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Interest rates and inflation: how they impact small businesses

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Last editedMay 20222 min read

Inflation and interest rates impact businesses in a variety of ways, from how much products and services cost to how much a company can borrow. While distinctly different, both inflation and interest rates are connected, so understanding how they work is a good idea.

In basic terms, when inflation rises, then so do interest rates. This means it costs more to spend and borrow, although you can also earn more interest on any money you save. When inflation goes down, again, so do interest rates. In this instance, the cost of goods and services is lower, though rates on savings also diminish.

Let's get into more detail to understand better how inflation and interest rates impact your business.

What is inflation?

Inflation represents a currency's decline in purchasing power over some time. It means a certain amount of money buys less than it did in previous times. For example, the average house price in the UK in 1950 was around £1,800. It is now £274,000, thanks to 72 years’ worth of inflation.

Here are the costs of some famous cars from 1965 compared to the equivalent cost today due to inflation: 

  • Volkswagen Beetle was £650, now £8,100

  • Rover 2000 was £1,298, now £18,000

  • Jaguar E-Type was £1,867, now £25,000

  • Aston Martin DB5 was £4,412, now £60,000

The opposite of inflation is deflation, which means the purchasing power of a currency has increased over time resulting in things costing less overall.

What are interest rates?

Interest is a percentage charged on the total amount that a person or entity borrows or saves. So an interest rate informs us how high the cost of borrowing is or how high the rewards are for saving.

When borrowing money, the interest rate is the amount you are charged for borrowing that money, which will be shown as a percentage of the total amount of the loan. The higher the percentage of the interest rate, the more the borrower must pay back to pay off the loan.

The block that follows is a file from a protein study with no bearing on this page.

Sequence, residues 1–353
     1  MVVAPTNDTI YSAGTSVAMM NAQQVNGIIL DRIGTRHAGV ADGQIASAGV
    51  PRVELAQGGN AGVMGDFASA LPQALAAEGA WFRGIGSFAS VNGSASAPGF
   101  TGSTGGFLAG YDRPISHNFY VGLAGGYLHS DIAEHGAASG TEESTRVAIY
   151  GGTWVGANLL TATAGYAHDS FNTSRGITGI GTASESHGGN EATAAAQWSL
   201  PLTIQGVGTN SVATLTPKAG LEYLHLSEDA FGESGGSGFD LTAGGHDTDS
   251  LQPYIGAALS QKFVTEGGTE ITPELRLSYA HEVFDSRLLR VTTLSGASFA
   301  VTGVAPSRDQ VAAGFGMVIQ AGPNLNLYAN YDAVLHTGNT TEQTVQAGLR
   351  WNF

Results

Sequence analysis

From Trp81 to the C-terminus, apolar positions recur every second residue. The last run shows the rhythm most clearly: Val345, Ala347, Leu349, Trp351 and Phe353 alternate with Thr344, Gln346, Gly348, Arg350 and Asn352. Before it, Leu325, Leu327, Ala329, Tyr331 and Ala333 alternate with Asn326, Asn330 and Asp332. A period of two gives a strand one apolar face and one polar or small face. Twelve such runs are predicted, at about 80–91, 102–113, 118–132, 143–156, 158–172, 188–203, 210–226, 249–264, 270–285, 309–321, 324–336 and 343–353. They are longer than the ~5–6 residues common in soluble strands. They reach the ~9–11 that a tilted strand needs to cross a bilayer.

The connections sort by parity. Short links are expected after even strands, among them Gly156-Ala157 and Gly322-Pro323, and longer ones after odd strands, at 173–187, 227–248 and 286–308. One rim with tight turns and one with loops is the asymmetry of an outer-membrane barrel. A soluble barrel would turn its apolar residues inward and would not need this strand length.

When saving money, the interest or savings rate tells you how much extra money will be paid into the account as a percentage of the savings.

Similarly to the borrowing rate, a higher savings rate means more money will be paid into the account for a particular deposit.

What is a bank rate? 

The term ‘bank rate’ refers to the base rate set by the Bank of England, which influences most of the other interest rates in the economy. This is especially true with borrowing and savings rates offered through banks and building societies.

The Bank of England publishes a Monetary Policy Report which explains why they set the bank rate at the level they have. Usually, the bank rate is set at a level that the Bank of England believes will help stimulate the economy in one way or another.

For example, in response to the Covid-19 crisis, the Bank of England cut the bank rate to just 0.1%. This meant that other banks could borrow money from the Bank of England at this reduced rate, which meant they could offer their customers much lower borrowing rates. This resulted in significantly lower interest rates on certain loans, although it also meant lower interest rates on some savings accounts, too.

How can businesses handle rising interest rates and inflation?

Unfortunately, both interest rates and inflation are out of the control of small businesses. The best ways to handle it are to raise the cost of your product or service by a small increment and look for efficiencies you can make in your existing business system.

Examples of problems areas you can optimise for efficiency are administrative time and costs, delays to cash flow, and reduction of customer churn.

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